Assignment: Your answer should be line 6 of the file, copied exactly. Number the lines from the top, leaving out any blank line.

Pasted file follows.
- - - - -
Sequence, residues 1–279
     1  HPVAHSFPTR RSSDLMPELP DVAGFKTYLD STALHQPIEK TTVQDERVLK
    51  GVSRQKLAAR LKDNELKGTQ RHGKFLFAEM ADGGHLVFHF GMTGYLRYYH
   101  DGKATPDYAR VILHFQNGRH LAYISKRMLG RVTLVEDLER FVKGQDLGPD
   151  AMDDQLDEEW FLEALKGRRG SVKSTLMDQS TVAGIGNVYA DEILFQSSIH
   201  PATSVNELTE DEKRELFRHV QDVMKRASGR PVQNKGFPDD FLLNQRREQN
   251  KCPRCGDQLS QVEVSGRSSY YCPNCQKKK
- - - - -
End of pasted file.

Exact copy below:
   201  PATSVNELTE DEKRELFRHV QDVMKRASGR PVQNKGFPDD FLLNQRREQN